Oh, the driving. It is different from past games in the series, no doubt about that. But after twenty or so minutes, the much heavier, more realistic cars are no longer a hurdle. Yes, I'm afraid, you will have to brake to go around corners. You'll get used to it. Driving perfectly may be difficult, but these games have never really been about stopping at traffic lights, have they. If you want to drive up the pavement, be my guest. If you want to run over a very stereotypical Jew, uh, please don't, but do it in this game instead. You can. And what will happen? Well thanks to the greatly used Euphoria engine, he will react realisticly. Bump him a little, and he'll stumble, then maybe turn around and shout at you. Hit him a little harder... he might fall over. A little harder he'll take a while to get up, and walk away bent double in pain. Plough into him hard enough, though, and his blood will paint your bonnet red, his body will, maybe, stick to your car, sliding back sickeningly as you accelerate further, or perhaps you hit him with enough force to send him cartwheeling upwards. Perhaps you'll never know quite where he went at all. To start with, the realism is unnerving, but given time I'm sure you'll desensitise enough to go out and one day become a real life criminal.
That is, of course, unless the police get you. The whole system has been revamped for GTA IV, and for the better. Remember those heady days back when GTA III came out, and you'd walk around, maybe shoot a couple of guys, get one star, shoot a few more, two stars. Ah. See, from that moment, you knew you were done for. It was nigh on impossible to get rid of a two star rating without using a Pay 'n' Spray. This is no longer the case. You can escape a two star rating! It's just a little harder. You can even escape a three star, and with practice a four star! As it should have been from the beginning, you only run into real trouble with the higher ratings. And don't worry, different driving hasn't tampered with the intense police chases; some will still have your heart beating as you crash through a roadblock, guns flaring, hoping to God that none of them have a shotgun. The main difference this time around is that the police have a little ring of city in which they look for you when you commit a crime. This shows up on your radar, but do enough naughty things and the circle can grow to the size of half of one of the islands. Good luck with getting out of that; because that's what you have to do. Get out of the circle, without being seen, for a set amount of time, and you're a free man. Just like real life! Well, nearly. Yes, I did say without being seen. Your stars fade from white to grey if no damn pigs can see you; try to avoid them, you can see them closing in on your radar. If even one sees you, however, the circle recentres on your current position and all the Babylon around are informed of your new position. This adds an extra layer that the cop chases in GTA really needed, to be honest. One bad point to mention, however, is that getting busted can really dampen the experience. A lot. You lose a little money and all the weapons you worked so hard to buy. This can be so big an inconvenience it's not worth going through with, and I tried to kill myself every time it looked like I'd get arrested instead. Yes, it's that bad. But still, the improved police system has totally changed, and improved, the game; the danger level with each new star is now a spectrum of different challenges, not merely an if-I-get-more-than-one-star-I'm-doomed black and white picture.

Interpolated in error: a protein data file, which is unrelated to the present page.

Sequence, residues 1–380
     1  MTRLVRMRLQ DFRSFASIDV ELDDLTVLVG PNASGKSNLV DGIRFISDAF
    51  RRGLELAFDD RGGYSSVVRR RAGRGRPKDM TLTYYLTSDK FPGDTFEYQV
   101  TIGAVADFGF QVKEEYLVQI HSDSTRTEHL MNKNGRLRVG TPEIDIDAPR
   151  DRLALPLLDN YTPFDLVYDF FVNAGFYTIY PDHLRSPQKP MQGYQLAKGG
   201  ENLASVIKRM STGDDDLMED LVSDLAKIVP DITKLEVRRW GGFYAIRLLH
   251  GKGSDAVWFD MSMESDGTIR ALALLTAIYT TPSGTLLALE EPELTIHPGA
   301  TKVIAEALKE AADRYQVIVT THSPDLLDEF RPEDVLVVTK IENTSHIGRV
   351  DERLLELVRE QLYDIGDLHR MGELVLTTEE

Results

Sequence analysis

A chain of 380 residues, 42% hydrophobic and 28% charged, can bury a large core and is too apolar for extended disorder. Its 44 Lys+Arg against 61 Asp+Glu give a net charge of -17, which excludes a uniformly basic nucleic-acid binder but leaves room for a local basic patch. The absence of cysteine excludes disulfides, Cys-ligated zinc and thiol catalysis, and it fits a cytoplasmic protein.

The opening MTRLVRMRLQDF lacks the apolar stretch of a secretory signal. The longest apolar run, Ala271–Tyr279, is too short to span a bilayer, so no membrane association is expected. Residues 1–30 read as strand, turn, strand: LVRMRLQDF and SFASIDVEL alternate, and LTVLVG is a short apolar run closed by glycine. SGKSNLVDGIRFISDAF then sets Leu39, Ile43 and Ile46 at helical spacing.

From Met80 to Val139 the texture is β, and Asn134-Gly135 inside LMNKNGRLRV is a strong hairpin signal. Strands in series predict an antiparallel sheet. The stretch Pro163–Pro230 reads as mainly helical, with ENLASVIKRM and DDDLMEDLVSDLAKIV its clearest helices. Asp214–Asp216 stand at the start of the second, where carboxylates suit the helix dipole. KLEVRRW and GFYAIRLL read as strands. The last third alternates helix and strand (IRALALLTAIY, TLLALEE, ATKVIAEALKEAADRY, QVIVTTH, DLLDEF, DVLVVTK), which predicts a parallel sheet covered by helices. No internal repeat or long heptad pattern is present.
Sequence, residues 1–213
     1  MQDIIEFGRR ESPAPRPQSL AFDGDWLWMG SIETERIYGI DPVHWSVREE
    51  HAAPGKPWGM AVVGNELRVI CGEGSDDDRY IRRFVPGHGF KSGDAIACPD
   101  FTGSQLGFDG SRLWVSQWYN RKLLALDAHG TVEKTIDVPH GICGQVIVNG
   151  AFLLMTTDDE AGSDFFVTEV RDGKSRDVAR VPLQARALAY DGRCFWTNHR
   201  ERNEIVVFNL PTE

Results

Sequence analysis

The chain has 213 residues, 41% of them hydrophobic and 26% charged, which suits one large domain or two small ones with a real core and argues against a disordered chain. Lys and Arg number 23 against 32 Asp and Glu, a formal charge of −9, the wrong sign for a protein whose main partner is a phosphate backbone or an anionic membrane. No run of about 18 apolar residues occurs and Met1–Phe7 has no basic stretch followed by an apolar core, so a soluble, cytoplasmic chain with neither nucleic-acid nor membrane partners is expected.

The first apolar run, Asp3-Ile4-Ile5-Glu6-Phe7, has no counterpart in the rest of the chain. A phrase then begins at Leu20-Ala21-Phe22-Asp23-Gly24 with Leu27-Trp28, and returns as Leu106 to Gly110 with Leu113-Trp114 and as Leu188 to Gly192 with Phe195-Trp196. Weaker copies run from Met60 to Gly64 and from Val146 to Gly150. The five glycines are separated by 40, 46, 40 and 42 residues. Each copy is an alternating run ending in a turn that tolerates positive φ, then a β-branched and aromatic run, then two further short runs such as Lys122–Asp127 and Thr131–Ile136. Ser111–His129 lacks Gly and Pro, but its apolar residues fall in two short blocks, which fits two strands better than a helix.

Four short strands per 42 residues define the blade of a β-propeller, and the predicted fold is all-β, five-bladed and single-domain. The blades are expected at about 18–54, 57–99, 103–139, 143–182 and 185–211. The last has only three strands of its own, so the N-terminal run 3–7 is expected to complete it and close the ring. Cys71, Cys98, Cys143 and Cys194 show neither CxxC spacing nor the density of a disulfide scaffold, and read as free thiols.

But enough about pictures. This game has a substantial soundtrack; the radio stations are back and as great as ever. You can choose from jazz, to rap, to reggae, to Russian, to rock, to electric, to chat stations, and they're all great, with songs from celebrities such as Bob Marley and Busta Rhymes. But the radio stations aren't all this game has to offer; each character is excellently voiced, and don't get me started on the sounds of the city. Okay, empty your house, turn up the volume, close your eyes and listen to this game... you can hear the people around you, the cars driving past. Even the dampened sounds of the radio of the car you just got out of. Now run through a crowd, hear the people complain and yell at you as you push them out of the way and they drop their drinks... and then shoot someone for running you over, and hear people scream, run til it's empty and just... silence. This game's got sound.